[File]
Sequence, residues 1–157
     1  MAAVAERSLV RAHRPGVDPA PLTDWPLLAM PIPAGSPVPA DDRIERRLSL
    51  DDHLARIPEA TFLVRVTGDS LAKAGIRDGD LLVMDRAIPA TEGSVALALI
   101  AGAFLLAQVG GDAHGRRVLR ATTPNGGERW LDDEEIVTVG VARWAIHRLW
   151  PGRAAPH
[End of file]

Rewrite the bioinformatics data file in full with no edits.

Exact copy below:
Sequence, residues 1–157
     1  MAAVAERSLV RAHRPGVDPA PLTDWPLLAM PIPAGSPVPA DDRIERRLSL
    51  DDHLARIPEA TFLVRVTGDS LAKAGIRDGD LLVMDRAIPA TEGSVALALI
   101  AGAFLLAQVG GDAHGRRVLR ATTPNGGERW LDDEEIVTVG VARWAIHRLW
   151  PGRAAPH